Seattle is the last stop for "Tutankhamun: The Golden King and the Great Pharaohs" before the exhibit's contents make a permanent return to Egypt. The exhibit will be at Pacific Science Center through Jan. 6, 2013.

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With the arrival of “Tutankhamun: The Golden King and the Great Pharaohs” at Pacific Science Center, several kinds of history are being made.

Wednesday’s press preview came on the very day when Egypt was holding its first-ever free elections. Dr. Mohamed Ibrahim Aly Sayed, Egypt’s minister of antiquities and chief of the Egyptian delegation attending the show’s Seattle opening, made note of that fact and followed it with an impassioned speech asking for American support of Egypt’s emerging democracy.

In local terms, the return of a new King Tut exhibit to Seattle is an unexpected privilege. Adults who were children in 1978 and saw the Seattle Art Museum’s King Tut exhibit now have the chance to take their own kids to this even-larger show.

Remember, however: This is really your last chance. Egypt has announced this is the last time these artifacts will leave that country, and Seattle is the traveling exhibit’s final stop.

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So what do you see when you enter the double doors to the exhibit?

The figure of King Khafre, who reigned from 2576-2551 B.C. and built the Great Sphinx and the second largest pyramid at Giza, presides at the entrance: a statue of seemingly glowing calcite alabaster. It’s the oldest item on display, but in better shape than some exhibit pieces from 2,000 years later — including a colossal quartzite statue of Tutankhamun himself.

The first half of the show continues with sculptures of pharaohs, priests and dignitaries, leading up to and beyond Tutankhmun’s brief reign, which began in 1333 B.C. Beautifully arrayed and lit, almost all the pieces have room enough to walk around them.

Explanatory labels are attached on multiple sides of each piece, and smaller items in cases are shown with labels at both the bottom and top of the case, making them easy for children to read.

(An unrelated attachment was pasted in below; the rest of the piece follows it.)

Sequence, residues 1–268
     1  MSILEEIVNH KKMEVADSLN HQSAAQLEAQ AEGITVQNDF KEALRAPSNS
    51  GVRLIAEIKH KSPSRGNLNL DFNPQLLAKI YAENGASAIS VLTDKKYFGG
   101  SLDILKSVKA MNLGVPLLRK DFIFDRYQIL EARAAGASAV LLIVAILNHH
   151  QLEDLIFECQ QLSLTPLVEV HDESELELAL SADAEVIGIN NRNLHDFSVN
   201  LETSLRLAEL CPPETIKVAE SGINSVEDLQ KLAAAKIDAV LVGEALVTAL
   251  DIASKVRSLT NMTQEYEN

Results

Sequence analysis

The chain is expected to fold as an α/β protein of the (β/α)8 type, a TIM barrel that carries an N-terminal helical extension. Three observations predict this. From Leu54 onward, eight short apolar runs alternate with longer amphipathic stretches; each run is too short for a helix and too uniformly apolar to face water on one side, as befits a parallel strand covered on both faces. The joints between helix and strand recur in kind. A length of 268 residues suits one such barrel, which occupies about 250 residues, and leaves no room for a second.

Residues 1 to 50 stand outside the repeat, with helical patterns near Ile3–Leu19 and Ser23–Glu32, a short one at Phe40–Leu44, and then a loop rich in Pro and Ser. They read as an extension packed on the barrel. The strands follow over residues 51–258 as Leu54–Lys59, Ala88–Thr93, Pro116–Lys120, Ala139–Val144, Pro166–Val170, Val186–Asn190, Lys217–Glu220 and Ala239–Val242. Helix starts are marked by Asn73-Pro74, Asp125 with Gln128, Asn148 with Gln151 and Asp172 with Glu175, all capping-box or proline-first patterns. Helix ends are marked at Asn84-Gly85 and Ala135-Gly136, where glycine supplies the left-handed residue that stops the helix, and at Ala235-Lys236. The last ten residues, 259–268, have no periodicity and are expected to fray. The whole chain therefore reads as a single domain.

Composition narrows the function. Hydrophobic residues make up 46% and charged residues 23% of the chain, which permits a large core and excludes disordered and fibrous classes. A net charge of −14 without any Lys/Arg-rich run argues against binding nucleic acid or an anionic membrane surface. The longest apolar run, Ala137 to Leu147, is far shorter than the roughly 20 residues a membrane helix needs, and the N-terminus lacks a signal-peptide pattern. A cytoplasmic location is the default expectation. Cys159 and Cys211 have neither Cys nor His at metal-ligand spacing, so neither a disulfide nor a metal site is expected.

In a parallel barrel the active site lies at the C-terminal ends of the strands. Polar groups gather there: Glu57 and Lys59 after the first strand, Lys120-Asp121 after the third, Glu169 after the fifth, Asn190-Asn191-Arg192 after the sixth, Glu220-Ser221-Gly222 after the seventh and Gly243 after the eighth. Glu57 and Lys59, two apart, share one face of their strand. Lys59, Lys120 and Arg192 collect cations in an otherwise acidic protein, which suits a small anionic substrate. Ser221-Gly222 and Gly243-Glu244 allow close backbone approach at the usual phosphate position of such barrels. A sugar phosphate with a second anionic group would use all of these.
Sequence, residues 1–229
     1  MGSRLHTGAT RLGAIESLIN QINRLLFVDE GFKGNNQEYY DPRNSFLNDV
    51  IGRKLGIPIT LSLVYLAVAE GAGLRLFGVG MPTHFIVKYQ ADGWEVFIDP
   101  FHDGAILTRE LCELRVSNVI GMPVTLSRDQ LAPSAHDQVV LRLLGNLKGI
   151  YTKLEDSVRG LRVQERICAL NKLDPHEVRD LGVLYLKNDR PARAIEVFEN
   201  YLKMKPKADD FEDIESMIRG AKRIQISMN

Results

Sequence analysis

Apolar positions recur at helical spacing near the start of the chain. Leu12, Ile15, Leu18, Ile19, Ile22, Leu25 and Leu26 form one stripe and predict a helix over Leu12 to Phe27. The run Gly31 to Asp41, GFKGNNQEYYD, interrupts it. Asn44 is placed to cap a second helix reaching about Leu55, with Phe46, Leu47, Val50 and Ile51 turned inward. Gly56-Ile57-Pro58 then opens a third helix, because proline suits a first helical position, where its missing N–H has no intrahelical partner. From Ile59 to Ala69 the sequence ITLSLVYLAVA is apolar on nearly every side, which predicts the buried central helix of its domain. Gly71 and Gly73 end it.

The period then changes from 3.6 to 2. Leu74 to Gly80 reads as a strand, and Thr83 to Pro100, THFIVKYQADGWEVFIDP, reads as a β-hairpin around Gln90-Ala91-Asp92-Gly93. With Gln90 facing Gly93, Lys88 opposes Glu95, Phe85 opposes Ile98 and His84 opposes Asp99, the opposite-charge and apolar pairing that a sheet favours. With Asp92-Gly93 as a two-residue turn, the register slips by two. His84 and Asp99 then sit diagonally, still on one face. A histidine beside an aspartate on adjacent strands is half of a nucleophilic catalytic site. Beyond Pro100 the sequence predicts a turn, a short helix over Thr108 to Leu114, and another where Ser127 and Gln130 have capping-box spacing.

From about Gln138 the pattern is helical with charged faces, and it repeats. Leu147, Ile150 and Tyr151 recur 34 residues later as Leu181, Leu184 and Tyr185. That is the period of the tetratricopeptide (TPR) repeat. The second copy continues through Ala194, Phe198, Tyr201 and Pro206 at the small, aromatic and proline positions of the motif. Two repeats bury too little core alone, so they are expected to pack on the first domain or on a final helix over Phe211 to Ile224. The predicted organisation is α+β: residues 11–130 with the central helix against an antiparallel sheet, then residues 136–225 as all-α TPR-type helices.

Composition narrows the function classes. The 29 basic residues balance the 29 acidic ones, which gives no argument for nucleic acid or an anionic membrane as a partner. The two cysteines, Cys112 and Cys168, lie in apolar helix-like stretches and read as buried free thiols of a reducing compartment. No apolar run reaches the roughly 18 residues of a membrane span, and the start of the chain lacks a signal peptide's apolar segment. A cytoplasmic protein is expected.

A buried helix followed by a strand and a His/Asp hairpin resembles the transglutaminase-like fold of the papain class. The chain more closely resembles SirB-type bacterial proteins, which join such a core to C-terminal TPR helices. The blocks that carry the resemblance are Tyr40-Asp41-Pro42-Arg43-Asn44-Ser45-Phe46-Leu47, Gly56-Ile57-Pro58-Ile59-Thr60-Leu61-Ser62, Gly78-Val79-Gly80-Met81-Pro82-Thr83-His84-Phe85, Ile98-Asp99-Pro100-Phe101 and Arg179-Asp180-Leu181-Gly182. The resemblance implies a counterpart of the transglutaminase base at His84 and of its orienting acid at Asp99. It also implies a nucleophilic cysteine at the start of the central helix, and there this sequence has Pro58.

Highlights include a sarcophagus for a young prince’s cat from the 14th century B.C.; a small but exquisite quartzite “Head of an Amarna Princess,” possibly depicting a daughter of Akhenaten and Nefertiti; and an unusual two-figure statue of architect Senenmut and Princess Neferure, dating from the reign of Hatshepsut (1479-1458 B.C.), that — in form — resembles a Christian madonna and child, albeit with a reversal of gender.

Still more unusual is the exhibit’s only work in unbaked painted clay and stucco: a head of Amenhotep III, who reigned 1410-1372 B.C.

The culmination of this first phase of the exhibit is that colossal statue of Tutankhamun squared off against a regal statue of his father, Akhenaten (whose paternity was determined in 2010 by DNA tests). The latter’s extraordinarily long face and high cheekbones set him physically as much apart from his heirs and ancestors as his monotheistic beliefs did.

The items from King Tut’s tomb, of course, are the main draw. They’re arranged in galleries that mimic the tomb’s floor plan. Dazzling gold jewelry, masks and personal items shine from inside protective cases. Especially beguiling are the shabtis (statuettes in a variety of materials) that were buried with the boy king so as to perform any forced labor he was asked to do in the afterlife.

The most opulent piece may be the “Canopic Coffinette,” a mini-coffin made of gold, carnelian, semiprecious stones and glass that held the young king’s stomach. Yet the most moving items on display aren’t necessarily the most splendid.

A model boat, a bed that Tutankhamun may have slept in, a game box of carved ivory with its pieces still in its drawers — all speak more of simple humanity than divine or royal presence. There’s some wear and tear on them (the woven-reed matting of the wood-frame bed has a small hole in it). But in their way, they’re more alive than the boy king himself — as a startlingly lifelike (or should I say “deathlike”?) replica of Tut’s mummy reminds you as you exit the gift shop.

Another reminder of life’s brevity and the seeming immortality of some artifacts comes with a shot from a 1922 film of the discovery of King Tut’s tomb. You’ll recognize items seen in the exhibit being carefully extracted from the Egyptian sands. Then the tomb’s discoverer, Howard Carter, beams toward the camera and tips his hat. It’s as eerie an experience as seeing Tutankhamun’s playthings.

An audio guide can be rented — introduced by Harrison Ford, with dramatically intoned commentaries by Egyptian archaeologist Zahi Hawass — that expands on the labels’ details. Plan on three hours or so to get through the show if you’re going at audio-guide pace.

Michael Upchurch:

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